On Sept. 26, Germany’s year of political change will culminate with the election of a new Chancellor, an event that will close the remarkable 16-year tenure of Angela Merkel. For Merkel’s Christian Democratic Union (CDU), the election year is off to a rough start.
Early March saw the first two of six regional elections in 2021. CDU candidates won less than one-quarter of the vote in the wealthy southwestern state of Baden-Württemberg and less than one-third in neighboring Rhineland-Palatinate. The results were the worst since the end of World War II for the party in each state. That outcome might well upend the race for Germany’s next leader. Later this spring, 1,001 party delegates will vote on whether Armin Laschet, Merkel’s chosen successor, or Markus Söder, head of its smaller Bavarian sister party the Christian Social Union (CSU), will be the powerful coalition’s joint candidate for Chancellor. If delegates choose unwisely, they risk a September national vote that yields a new coalition government composed of the center-left SPD, the increasingly popular Green Party and the fiscally conservative Free Democratic Party (FDP)–with the CDU-CSU coalition locked out in the cold.
The CDU is vulnerable. Laschet is likable but not a charismatic or forceful candidate, and he has low poll numbers. Yet the party has deeper problems. Merkel’s government now faces a third wave of COVID-19 at a time when public frustration with tight lockdowns remains high and both vaccines and economic help are slow in coming. Add political scandal. Revelations that two lawmakers, one CDU and one CSU, had earned hundreds of thousands of euros last year in business deals involving personal protective equipment have made headlines.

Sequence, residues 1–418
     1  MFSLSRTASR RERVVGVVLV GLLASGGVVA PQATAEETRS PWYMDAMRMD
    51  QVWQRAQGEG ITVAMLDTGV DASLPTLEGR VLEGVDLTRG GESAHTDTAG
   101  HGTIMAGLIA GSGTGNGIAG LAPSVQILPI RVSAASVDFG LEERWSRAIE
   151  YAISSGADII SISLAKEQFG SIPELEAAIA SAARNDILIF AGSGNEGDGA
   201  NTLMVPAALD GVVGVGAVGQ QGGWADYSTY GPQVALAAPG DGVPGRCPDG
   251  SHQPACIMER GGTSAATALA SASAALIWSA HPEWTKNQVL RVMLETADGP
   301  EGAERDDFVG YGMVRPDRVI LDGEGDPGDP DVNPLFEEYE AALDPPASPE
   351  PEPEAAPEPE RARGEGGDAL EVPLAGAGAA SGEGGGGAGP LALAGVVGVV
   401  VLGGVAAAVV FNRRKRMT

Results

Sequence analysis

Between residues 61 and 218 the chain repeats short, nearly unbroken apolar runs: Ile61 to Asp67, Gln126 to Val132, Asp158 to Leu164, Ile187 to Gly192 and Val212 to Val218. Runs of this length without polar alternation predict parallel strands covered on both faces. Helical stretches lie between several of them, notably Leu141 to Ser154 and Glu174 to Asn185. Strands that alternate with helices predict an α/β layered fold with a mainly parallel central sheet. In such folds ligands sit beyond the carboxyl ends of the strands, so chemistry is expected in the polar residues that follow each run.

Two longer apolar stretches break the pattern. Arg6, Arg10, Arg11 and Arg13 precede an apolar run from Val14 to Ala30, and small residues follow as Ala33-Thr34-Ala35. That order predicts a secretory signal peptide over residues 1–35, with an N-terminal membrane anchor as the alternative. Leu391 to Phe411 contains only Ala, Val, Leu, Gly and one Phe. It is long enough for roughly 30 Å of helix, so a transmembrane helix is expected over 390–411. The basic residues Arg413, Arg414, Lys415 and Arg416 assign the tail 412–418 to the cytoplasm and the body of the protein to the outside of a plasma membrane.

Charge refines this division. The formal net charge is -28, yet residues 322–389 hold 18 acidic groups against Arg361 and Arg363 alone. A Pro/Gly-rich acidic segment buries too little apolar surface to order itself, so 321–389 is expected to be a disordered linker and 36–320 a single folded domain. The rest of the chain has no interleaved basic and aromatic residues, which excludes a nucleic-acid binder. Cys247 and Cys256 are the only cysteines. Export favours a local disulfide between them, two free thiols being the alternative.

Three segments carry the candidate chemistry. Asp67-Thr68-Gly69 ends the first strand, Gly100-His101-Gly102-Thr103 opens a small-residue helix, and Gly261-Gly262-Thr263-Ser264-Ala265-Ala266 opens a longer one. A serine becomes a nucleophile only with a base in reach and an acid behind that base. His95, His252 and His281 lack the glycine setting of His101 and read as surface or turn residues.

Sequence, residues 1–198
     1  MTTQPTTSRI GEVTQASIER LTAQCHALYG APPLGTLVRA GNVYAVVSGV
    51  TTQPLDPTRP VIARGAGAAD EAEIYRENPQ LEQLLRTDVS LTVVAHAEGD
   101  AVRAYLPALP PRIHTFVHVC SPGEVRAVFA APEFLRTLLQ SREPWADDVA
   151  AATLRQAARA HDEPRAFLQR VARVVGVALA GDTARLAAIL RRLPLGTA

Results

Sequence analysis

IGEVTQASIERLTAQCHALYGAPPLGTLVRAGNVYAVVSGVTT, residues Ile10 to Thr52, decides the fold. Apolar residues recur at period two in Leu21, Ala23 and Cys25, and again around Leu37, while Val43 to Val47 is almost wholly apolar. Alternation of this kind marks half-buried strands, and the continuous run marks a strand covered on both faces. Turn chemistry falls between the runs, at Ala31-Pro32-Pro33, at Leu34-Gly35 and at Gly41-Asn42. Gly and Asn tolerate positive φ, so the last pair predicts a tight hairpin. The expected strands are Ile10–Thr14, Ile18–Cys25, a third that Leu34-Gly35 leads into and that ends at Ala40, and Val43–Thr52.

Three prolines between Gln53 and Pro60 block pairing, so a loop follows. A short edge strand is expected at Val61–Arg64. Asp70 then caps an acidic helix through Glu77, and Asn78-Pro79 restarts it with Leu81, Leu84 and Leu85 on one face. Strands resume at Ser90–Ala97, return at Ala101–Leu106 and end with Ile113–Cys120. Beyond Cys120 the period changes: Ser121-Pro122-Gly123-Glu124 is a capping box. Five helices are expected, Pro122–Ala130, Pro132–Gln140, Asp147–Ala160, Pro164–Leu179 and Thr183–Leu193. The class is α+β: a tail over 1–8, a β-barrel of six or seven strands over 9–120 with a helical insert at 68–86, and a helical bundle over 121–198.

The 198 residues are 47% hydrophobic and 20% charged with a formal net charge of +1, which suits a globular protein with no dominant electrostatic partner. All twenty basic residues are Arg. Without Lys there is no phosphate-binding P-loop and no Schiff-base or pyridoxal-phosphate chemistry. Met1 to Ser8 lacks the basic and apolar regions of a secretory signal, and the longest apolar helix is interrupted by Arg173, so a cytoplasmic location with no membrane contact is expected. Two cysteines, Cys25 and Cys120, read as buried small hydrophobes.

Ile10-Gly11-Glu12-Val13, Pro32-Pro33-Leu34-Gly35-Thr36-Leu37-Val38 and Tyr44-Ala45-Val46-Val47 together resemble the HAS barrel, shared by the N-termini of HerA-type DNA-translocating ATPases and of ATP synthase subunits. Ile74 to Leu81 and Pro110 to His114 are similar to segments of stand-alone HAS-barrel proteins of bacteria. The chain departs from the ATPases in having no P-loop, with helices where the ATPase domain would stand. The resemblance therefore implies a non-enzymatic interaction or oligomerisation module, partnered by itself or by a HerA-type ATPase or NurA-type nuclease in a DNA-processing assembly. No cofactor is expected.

Post-Merkel, Germany looks increasingly up for grabs. That’s important news for anyone who has appreciated the Chancellor’s formidable leadership. Merkel’s political skills and steady hand have been critical for Europe. Her “We can do this” response to the migrant crisis of 2015–16 won her bitter criticism from many quarters. In response to the pandemic, Merkel swept aside traditional German resistance to common European debt and won support for a €750 billion E.U. fund to boost Europe-wide recovery and growth. She led the way toward a long-sought E.U. investment deal with China. She pushed to make E.U. climate policy more ambitious. She persuaded the resistant governments of Poland and Hungary to accept rule-of-law provisions in E.U. budget rules.
What does Merkel’s exit mean for Europe? Certainly, Germany will remain fully committed to the E.U. project. If the CDU-CSU coalition can’t form the next government, a center-left-led coalition will continue support for European integration. But if that coalition involves the FDP, Germany’s government may again become less willing to spend whatever it takes to manage the next E.U. crisis. A turn back toward belt tightening might well stall Europe’s pandemic recovery.
Merkel’s departure will make France’s Emmanuel Macron Europe’s most important leader. That means less concern for the health of E.U. relations with the U.S., greater skepticism of the value of NATO, a more confrontational attitude toward Turkey’s Recep Tayyip Erdogan and a more interventionist approach to the Middle East and North Africa. In short, it means a significant change in European leadership on the E.U.’s role in the world.
How that plays out for the E.U. remains to be seen, but there is nothing good about so much political uncertainty inside Europe’s most powerful country.
This appears in the March 29, 2021 issue of TIME.